Let’s not forget that it is easy to judge a work of the past with our contemporary eyes. Rather than shouting into oblivion, wouldn’t it be better to explain to children (the first recipients of this work, let’s remember) why today such descriptions upset us and are no longer acceptable?
Willy Wonka and film adaptations
Willy Wonka since the 70s
As we said at the beginning of this article, on June 30, 1971, the first film based on Dahl’s novel was released. It is a musical film, directed by Mel Stuart and starring Gene Wilder in the role of Willy Wonka. The shooting of this Hollywood movie was actually done in Munich. Against Dahl’s wishes, some story changes were made in the making of the film, which led to Dahl disavowing the film.
In 1972, the film was nominated for an Academy Award for Best Original Song Score and actor Gene Wilder for a Golden Globe for Best Actor in a Musical or Comedy Film. The film remained in obscurity until the 1980s, when it then became a cult film for several generations, even today, especially thanks to repeated television shows, especially during the Christmas period.
Marilyn Manson must have been very impressed too because his song Everlasting Cocksucker (Remix) featured on the first uncensored version of the 1995 Smells Like Children album, contains unauthorized samples from the film Willy Wonka and the Chocolate Factory.
Marilyn Manson also allows us to connect with Tim Burton‘s 2005 film adaptation, starring Johnny Depp as Willy Wonka.
Warner Bros. Pictures bought the rights to a film adaptation of The Chocolate Factory in 1999, with Gary Ross expected to direct. John C. Reilly expressed his interest in playing Willy Wonka and in 2001 Marilyn Manson claimed he had to be cast for the part.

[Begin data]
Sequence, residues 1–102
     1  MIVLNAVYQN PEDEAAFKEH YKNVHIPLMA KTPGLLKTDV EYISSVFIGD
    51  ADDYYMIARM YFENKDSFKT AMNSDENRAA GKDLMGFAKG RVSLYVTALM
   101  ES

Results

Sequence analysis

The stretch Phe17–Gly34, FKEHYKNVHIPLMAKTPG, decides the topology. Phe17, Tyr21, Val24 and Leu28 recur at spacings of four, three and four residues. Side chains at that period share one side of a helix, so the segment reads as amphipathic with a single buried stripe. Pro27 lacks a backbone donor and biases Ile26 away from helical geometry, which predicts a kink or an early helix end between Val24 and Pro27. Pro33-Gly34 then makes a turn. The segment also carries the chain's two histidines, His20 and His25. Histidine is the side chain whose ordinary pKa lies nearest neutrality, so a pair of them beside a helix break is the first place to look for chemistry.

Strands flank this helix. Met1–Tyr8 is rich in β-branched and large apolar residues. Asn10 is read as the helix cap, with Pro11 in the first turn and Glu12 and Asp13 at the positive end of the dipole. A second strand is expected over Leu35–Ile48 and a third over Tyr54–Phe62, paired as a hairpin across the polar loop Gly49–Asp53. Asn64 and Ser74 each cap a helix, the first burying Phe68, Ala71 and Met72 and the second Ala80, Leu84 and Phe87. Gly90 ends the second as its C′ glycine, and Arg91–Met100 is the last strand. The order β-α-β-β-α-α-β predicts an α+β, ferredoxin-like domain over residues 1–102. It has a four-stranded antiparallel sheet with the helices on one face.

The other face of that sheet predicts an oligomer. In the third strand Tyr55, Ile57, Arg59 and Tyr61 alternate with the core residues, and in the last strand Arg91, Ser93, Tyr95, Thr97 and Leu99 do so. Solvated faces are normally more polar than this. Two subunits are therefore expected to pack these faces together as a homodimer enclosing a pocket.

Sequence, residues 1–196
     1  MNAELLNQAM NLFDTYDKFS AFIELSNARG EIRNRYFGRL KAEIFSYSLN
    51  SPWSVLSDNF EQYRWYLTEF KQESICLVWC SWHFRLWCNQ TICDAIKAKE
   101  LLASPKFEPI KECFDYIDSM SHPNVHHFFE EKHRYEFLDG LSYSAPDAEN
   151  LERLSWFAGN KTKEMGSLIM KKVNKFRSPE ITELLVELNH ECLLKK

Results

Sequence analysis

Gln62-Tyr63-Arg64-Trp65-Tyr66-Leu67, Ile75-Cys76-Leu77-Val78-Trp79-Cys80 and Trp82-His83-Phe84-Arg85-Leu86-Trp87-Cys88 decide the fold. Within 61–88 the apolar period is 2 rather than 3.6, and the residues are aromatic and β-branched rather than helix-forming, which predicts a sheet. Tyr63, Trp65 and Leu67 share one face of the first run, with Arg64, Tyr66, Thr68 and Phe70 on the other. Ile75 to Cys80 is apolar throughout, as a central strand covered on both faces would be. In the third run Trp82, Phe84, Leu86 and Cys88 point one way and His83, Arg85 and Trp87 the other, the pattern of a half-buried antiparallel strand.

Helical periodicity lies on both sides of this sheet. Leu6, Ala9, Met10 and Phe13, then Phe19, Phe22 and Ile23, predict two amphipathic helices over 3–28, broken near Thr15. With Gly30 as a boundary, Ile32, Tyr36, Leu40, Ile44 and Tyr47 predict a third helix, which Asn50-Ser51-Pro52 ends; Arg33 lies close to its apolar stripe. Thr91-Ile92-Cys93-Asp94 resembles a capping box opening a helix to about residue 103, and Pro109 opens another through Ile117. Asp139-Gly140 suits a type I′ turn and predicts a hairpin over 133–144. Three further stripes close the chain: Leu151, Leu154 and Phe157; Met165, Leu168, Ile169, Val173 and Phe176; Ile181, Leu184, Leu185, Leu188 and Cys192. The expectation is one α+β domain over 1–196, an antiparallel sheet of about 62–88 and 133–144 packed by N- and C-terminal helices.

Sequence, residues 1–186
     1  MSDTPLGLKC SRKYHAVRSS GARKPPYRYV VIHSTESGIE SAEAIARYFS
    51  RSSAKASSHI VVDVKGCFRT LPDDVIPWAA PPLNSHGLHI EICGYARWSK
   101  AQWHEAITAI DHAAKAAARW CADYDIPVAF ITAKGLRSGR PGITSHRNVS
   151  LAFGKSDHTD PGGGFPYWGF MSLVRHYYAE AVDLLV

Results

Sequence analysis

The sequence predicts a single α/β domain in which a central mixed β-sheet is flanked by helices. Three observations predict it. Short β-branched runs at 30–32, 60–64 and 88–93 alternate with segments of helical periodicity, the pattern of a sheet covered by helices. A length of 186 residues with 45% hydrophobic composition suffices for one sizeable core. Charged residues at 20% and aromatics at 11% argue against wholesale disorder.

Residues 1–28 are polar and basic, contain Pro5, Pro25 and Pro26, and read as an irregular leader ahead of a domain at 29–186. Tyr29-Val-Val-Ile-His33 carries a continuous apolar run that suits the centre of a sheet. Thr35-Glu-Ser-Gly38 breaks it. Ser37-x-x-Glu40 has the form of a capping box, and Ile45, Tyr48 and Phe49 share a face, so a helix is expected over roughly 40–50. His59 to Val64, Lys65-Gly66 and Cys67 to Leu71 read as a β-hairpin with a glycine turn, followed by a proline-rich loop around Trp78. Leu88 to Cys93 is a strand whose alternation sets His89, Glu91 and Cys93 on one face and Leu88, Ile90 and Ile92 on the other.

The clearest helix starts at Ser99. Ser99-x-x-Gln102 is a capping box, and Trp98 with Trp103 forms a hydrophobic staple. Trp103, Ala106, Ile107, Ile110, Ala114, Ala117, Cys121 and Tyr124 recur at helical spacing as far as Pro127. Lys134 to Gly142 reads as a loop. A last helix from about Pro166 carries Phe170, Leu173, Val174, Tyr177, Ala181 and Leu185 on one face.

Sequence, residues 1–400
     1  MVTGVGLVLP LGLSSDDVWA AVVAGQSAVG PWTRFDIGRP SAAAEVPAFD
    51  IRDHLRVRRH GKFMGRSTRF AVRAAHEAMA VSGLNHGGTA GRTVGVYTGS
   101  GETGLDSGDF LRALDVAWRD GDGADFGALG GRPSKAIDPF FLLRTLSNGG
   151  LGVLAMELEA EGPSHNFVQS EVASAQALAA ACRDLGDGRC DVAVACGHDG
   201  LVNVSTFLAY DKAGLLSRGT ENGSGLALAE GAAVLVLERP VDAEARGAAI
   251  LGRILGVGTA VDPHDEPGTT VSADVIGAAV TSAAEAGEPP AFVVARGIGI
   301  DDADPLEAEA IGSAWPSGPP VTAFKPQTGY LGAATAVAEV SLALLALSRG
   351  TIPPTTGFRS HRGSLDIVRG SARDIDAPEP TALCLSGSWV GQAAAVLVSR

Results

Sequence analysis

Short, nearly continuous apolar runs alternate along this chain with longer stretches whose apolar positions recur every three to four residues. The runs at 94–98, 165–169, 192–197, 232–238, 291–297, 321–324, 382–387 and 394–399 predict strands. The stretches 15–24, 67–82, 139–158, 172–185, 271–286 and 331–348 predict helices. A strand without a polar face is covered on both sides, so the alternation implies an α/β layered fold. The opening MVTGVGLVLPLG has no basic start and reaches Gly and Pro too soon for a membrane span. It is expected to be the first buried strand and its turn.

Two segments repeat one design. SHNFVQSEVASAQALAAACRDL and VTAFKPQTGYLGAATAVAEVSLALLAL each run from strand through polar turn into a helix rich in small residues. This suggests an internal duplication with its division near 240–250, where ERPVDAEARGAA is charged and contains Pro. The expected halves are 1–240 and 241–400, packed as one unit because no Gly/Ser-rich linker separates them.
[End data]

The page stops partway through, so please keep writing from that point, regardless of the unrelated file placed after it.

And in 2000
In 2003, however, it was Tim Burton who was hired to direct and Manson was not part of the project.
As confirmed by notstarring.com, among the various names discarded for the film are Jim Carrey, Nicholas Cage, Michael Keaton and Christopher Walken. The film’s producers had thought of Robert De Niro in the role of Willy Wonka but Burton was already intent on hiring Johnny Depp, his iconic actor. Speaking of iconic things, Depp was also the creator of the character’s hair, drawing inspiration from Anna Wintour (like the Devil Wears Prada), from whom he also borrows his famous glasses.
The soundtrack was written by Danny Elfman, a former Burton collaborator on numerous occasions.
The film was a huge box office success and garnered numerous nominations for major film awards.
In conclusion, did we make you want to see these films or read the novel from which they were based again? Or do you just want to eat a bar of chocolate? If you really want that Wonka, you can buy it now, here! https://www.amazon.it/Willy-Wonka-Chocolate-chocolate-Amazon/dp/B07PWJ68S1